The chief of the Federal Aviation Administration said Sunday that one day after a dramatic engine failure over Colorado, he is calling for “immediate or intensified inspections” of all Boeing 777 aircraft with a particular Pratt & Whitney engine model.
Also on Sunday, United Airlines, the only American airline affected by the FAA regulation, announced that they are currently temporarily putting on the ground the 24 Boeing 777 aircraft currently in service in their Pratt & Whitney-powered fleet will.
The FAA’s announcement came shortly after its counterpart in Japan ordered the airlines there not to fly the aircraft, which affected 32 jets operated by All Nippon Airways and Japan Airways. Both Japanese and American orders are only for Boeing 777s with Pratt & Whitney PW4000 engines.
“We reviewed all available security data following yesterday’s incident,” FAA Administrator Steve Dickson said in a statement. “Based on the initial information, we came to the conclusion that the inspection interval for the hollow fan blades, which apply only to this engine model and are only used in Boeing 777 aircraft, should be extended.”
The Colorado episode that involved United Airlines Flight 328 on Saturday resulted in no reported injuries, but the plane threw debris over three neighborhoods before safely landing in Denver.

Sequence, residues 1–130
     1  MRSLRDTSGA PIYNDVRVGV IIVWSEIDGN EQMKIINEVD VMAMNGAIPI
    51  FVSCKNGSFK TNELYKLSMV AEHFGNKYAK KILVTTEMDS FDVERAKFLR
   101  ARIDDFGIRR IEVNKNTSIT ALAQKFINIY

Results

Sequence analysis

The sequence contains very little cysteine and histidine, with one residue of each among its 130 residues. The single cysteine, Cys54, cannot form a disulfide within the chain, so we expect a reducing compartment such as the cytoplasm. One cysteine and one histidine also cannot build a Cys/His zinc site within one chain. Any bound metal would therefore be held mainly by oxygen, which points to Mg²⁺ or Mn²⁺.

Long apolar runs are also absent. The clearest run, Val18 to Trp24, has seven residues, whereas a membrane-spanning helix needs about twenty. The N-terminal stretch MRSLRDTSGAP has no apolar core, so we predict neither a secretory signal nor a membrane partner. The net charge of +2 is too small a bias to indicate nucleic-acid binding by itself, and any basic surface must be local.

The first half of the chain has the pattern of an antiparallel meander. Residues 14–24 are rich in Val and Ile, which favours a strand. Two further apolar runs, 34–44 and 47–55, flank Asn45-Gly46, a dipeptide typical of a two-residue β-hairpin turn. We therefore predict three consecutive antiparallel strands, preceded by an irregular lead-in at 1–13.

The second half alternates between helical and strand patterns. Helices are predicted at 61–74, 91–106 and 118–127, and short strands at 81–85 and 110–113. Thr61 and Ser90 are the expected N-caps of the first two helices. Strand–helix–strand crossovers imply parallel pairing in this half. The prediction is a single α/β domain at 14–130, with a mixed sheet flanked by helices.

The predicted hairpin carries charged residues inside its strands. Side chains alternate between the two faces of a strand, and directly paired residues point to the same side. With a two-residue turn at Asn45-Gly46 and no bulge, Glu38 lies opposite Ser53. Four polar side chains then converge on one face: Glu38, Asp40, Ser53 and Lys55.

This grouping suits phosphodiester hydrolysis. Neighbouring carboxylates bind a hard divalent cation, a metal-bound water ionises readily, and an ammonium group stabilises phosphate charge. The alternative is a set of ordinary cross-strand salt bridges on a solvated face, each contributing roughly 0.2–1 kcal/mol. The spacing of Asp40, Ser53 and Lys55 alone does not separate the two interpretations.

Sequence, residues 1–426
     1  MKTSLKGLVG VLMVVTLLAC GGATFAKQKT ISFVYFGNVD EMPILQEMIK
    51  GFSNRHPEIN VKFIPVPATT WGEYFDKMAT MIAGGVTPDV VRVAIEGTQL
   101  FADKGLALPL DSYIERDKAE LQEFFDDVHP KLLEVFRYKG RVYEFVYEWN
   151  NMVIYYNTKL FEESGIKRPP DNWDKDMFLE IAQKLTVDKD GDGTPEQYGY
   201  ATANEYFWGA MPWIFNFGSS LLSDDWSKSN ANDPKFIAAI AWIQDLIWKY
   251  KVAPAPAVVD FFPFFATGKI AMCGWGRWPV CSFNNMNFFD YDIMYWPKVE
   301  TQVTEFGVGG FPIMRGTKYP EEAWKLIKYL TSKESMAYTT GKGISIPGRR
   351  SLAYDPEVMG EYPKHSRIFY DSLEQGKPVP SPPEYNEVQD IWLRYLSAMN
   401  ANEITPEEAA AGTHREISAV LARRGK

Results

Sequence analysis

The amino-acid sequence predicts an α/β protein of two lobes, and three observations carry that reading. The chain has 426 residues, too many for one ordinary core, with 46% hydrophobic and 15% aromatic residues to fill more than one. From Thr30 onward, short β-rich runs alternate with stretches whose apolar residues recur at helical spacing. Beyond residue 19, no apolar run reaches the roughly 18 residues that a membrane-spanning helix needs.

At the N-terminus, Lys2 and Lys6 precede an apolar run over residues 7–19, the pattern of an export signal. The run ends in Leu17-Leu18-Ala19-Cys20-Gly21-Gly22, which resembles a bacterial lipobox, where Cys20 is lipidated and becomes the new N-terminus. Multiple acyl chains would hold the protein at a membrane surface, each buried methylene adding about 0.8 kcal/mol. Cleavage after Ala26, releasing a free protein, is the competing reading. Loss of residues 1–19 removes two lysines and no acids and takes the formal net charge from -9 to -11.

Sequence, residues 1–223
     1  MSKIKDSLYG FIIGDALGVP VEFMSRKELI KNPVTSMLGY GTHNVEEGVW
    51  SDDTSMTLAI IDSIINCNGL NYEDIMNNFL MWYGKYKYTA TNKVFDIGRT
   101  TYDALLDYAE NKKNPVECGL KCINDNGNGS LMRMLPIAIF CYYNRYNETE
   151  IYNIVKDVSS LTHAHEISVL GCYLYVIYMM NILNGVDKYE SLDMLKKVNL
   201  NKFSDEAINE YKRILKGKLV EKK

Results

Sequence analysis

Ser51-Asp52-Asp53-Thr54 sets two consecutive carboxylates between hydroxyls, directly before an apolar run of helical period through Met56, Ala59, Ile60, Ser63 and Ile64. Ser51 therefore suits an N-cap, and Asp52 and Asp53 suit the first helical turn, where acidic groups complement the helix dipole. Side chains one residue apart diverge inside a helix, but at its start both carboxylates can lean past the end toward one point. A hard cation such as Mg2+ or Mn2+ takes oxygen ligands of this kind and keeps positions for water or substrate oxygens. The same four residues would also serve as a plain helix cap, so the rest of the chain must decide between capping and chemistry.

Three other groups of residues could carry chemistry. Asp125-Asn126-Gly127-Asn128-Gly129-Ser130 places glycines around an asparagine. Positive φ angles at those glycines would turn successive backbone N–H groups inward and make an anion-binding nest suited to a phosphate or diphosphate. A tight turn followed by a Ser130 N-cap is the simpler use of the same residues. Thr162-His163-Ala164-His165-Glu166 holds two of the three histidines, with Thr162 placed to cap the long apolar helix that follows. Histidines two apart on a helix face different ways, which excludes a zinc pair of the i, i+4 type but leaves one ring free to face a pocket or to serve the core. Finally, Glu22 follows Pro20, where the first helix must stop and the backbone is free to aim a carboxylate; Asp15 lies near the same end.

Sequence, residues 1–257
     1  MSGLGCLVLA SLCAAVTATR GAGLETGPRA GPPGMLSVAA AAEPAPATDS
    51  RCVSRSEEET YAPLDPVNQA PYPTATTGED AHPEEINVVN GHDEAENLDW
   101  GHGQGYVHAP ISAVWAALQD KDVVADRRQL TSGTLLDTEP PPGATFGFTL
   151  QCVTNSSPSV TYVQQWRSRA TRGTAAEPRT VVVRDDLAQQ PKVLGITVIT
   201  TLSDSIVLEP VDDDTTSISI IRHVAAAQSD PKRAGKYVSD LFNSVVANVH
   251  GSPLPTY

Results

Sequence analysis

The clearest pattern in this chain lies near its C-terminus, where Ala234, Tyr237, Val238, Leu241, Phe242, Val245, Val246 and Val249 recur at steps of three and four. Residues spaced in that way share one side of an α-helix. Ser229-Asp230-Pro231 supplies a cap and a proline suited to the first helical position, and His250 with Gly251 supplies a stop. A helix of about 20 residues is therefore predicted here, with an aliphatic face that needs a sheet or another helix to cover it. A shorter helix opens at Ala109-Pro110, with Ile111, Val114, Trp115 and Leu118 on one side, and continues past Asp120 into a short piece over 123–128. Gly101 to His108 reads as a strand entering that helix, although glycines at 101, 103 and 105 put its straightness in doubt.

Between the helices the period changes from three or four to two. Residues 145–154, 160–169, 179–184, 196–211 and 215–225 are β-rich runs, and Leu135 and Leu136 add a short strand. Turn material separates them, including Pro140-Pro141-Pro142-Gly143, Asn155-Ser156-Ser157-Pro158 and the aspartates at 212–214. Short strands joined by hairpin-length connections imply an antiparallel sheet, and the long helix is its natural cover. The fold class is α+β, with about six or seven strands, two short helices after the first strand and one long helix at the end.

In a statement on Sunday, United said: “Safety remains our top priority – for our employees and our customers.” It went on, “This is why our pilots and flight attendants receive extensive training to prepare and manage incidents like United Flight 328. We continue to pride ourselves on their professionalism and unwavering commitment to safety in our daily operations and in emergencies that happen. “
Mr. Dickson said the FAA is working with its counterparts around the world and that its security experts meet with Pratt & Whitney and Boeing “late into the evening” to complete details of the required inspections. According to the agency, only airlines in the USA, Japan and South Korea operate Boeing 777s with the affected Pratt & Whitney PW4000 engine model.
A spokesman for Japan Airways said the airline stopped using the 13 engine-equipped Boeing 777s in its fleet before the aviation authority issued its policy. Only three scheduled flights were affected. The airline announced last year that it would remove all 13 aircraft from its fleet by early next year.